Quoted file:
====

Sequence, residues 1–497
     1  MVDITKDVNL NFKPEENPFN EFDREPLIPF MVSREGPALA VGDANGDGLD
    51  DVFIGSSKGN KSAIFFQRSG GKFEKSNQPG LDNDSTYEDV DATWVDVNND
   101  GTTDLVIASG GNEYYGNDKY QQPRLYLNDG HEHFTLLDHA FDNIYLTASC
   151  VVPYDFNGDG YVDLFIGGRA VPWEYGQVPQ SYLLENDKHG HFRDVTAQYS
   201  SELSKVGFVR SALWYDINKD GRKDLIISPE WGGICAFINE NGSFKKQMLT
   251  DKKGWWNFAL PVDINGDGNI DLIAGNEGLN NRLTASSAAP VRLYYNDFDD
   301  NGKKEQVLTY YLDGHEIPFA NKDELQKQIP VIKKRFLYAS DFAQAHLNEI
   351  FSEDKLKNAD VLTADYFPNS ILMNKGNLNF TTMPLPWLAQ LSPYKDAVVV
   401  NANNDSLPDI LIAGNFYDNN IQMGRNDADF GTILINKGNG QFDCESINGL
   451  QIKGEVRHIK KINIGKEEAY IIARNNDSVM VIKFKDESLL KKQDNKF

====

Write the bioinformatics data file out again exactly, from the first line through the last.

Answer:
Sequence, residues 1–497
     1  MVDITKDVNL NFKPEENPFN EFDREPLIPF MVSREGPALA VGDANGDGLD
    51  DVFIGSSKGN KSAIFFQRSG GKFEKSNQPG LDNDSTYEDV DATWVDVNND
   101  GTTDLVIASG GNEYYGNDKY QQPRLYLNDG HEHFTLLDHA FDNIYLTASC
   151  VVPYDFNGDG YVDLFIGGRA VPWEYGQVPQ SYLLENDKHG HFRDVTAQYS
   201  SELSKVGFVR SALWYDINKD GRKDLIISPE WGGICAFINE NGSFKKQMLT
   251  DKKGWWNFAL PVDINGDGNI DLIAGNEGLN NRLTASSAAP VRLYYNDFDD
   301  NGKKEQVLTY YLDGHEIPFA NKDELQKQIP VIKKRFLYAS DFAQAHLNEI
   351  FSEDKLKNAD VLTADYFPNS ILMNKGNLNF TTMPLPWLAQ LSPYKDAVVV
   401  NANNDSLPDI LIAGNFYDNN IQMGRNDADF GTILINKGNG QFDCESINGL
   451  QIKGEVRHIK KINIGKEEAY IIARNNDSVM VIKFKDESLL KKQDNKF